Risk Management

Goodyear Settles Africa Bribery Charges

"Goodyear’s lax compliance controls enabled a routine of corrupt payments by African subsidiaries that were hidden in their books," said an SEC off...
Matthew HellerFebruary 24, 2015
Goodyear Settles Africa Bribery Charges

Goodyear Tire has agreed to pay $16 million to settle charges that its subsidiaries in Kenya and Angola routinely bribed employees of government agencies and private companies to land tire sales, the U.S. Securities and Exchange Commission announced Tuesday.

The subsidiaries, Treadsetters in Kenya and Trentyre in Angola, were both retail tire distributors. According to the SEC, Goodyear failed to prevent or detect more than $3.2 million in bribes during a four-year period due to inadequate Foreign Corrupt Practices Act controls at the subsidiaries.

The bribes were generally paid in cash and were falsely recorded as legitimate business expenses in the books and records of the subsidiaries, the SEC alleged in an order instituting a settled administrative proceeding.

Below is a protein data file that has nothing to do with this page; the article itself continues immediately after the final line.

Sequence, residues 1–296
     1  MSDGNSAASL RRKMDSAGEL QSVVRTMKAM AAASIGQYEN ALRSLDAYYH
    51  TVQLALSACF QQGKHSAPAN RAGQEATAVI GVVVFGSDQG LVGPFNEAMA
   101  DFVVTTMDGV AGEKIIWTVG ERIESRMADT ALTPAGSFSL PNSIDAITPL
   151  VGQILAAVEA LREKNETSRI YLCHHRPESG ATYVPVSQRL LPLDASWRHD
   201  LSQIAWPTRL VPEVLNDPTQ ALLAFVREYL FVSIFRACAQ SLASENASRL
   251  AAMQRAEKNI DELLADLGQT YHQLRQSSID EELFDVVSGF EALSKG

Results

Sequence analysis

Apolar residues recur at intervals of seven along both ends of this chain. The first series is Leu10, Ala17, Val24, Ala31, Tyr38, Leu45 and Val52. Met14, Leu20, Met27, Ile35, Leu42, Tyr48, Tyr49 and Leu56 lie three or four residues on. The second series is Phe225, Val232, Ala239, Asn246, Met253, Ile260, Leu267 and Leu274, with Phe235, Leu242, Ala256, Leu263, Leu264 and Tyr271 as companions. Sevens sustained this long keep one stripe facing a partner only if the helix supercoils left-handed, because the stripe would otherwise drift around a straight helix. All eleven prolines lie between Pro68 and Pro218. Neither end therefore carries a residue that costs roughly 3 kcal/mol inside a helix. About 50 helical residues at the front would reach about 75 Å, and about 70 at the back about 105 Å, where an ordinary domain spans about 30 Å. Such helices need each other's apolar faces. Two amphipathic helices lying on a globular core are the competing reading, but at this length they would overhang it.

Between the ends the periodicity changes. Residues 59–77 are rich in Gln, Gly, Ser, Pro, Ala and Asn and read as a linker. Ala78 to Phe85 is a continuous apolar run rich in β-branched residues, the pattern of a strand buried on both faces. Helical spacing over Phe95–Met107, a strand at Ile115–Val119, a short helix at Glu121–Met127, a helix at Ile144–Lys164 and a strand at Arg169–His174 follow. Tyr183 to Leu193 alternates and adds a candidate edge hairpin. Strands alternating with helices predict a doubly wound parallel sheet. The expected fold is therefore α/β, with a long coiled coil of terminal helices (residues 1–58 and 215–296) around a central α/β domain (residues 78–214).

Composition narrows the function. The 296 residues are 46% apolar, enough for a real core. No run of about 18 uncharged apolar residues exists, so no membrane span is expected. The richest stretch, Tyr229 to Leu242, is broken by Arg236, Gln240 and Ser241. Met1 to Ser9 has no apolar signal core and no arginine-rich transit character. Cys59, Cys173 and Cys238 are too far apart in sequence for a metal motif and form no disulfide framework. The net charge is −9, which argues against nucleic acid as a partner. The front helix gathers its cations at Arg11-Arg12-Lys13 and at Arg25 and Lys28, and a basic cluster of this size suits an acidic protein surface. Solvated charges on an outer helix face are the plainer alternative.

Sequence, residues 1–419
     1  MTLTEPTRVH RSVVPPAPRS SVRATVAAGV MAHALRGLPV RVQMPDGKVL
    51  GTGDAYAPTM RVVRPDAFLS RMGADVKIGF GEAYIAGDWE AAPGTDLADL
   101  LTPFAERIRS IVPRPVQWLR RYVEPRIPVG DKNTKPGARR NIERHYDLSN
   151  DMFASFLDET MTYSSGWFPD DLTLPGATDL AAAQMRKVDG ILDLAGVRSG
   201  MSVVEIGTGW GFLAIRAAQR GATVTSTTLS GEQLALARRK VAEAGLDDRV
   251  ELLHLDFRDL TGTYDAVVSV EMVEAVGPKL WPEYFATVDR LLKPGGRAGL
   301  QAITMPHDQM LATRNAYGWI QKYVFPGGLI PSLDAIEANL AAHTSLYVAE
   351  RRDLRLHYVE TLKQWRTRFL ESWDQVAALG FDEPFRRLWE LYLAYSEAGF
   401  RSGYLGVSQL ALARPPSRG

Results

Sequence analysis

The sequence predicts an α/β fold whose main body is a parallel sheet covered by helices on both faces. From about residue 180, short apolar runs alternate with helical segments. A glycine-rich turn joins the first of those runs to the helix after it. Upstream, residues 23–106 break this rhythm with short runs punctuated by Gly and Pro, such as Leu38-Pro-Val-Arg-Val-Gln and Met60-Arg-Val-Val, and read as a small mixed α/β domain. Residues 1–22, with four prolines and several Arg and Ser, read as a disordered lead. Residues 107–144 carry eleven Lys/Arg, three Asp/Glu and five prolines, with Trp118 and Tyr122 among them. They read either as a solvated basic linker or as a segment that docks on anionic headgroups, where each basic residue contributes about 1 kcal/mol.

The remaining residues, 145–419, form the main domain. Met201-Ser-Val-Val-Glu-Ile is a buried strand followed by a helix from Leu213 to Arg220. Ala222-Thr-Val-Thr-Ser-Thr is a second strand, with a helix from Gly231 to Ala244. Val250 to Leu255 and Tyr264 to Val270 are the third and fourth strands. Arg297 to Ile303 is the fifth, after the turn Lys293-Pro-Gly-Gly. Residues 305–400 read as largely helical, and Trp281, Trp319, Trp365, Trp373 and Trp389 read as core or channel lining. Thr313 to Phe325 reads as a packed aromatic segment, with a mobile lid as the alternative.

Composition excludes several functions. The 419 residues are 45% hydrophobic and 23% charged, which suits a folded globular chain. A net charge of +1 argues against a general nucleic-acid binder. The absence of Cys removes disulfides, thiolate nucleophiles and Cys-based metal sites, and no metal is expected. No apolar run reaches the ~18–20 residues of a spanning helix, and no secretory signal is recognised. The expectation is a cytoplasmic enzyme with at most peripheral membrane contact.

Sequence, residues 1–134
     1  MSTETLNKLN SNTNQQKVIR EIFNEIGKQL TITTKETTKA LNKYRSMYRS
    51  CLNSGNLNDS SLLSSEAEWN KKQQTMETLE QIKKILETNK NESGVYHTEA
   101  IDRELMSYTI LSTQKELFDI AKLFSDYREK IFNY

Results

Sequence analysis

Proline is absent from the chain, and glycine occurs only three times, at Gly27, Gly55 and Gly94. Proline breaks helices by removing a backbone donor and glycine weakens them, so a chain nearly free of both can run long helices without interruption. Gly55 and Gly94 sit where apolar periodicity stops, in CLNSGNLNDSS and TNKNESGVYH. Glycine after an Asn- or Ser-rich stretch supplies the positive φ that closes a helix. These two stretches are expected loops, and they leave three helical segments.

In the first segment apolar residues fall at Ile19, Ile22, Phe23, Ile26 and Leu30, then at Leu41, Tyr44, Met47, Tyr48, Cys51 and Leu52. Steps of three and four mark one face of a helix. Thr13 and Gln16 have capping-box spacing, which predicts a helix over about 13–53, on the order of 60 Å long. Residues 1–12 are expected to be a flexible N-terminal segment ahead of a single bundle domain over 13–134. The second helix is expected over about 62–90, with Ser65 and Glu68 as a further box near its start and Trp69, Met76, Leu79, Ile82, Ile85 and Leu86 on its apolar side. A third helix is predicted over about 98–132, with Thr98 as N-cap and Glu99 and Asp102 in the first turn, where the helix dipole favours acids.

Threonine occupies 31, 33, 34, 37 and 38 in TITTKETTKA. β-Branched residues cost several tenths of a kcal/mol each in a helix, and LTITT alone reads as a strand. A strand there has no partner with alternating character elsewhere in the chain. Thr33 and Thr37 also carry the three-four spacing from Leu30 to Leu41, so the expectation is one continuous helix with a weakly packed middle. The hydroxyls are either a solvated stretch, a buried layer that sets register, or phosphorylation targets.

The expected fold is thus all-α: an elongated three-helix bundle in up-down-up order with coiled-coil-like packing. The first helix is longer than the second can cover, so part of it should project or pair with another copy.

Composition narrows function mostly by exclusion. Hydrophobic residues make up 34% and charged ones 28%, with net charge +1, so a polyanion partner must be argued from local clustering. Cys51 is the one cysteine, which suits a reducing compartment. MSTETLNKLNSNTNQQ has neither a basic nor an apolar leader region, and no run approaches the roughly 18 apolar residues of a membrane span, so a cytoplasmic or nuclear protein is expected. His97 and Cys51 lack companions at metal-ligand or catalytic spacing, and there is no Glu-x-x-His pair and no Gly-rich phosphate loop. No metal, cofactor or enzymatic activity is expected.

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“Public companies must keep accurate accounting records, and Goodyear’s lax compliance controls enabled a routine of corrupt payments by African subsidiaries that were hidden in their books,” Scott W. Friestad, associate director of the SEC’s Enforcement Division, said in a news release.

Goodyear self-reported the FCPA violations and “provided significant cooperation with the commission’s investigation,” the SEC’s order said.

“Coming clean seems to have paid off” for Goodyear, the National Law Journal reported, noting that, in a similar case, Avon Products agreed in December to $135 million to settle civil and criminal foreign bribery charges.

According to the SEC, Treadsetters paid more than $1.5 million in bribes to employees of Kenyan government-owned or affiliated entities. In the case of Trentyre, the Angola subsidiary paid about $1.6 million in bribes to obtain tire sales, the SEC said.

The commission identified a major beneficiary of bribes in Angola as Trentyre’s largest customer at the time, the Catoca Diamond Mine, which is owned by a consortium of mining interests including Angola’s national mining company and a Russian mining company.

After uncovering the bribery scheme, Goodyear divested its ownership interest in Treadsetters and cut off all business dealings with the company. It is now in the process of divesting Trentyre.

Goodyear said in a statement that it has “a comprehensive anti-corruption compliance program and continues to improve and enhance its ability to monitor, detect, investigate, and address potential issues.”

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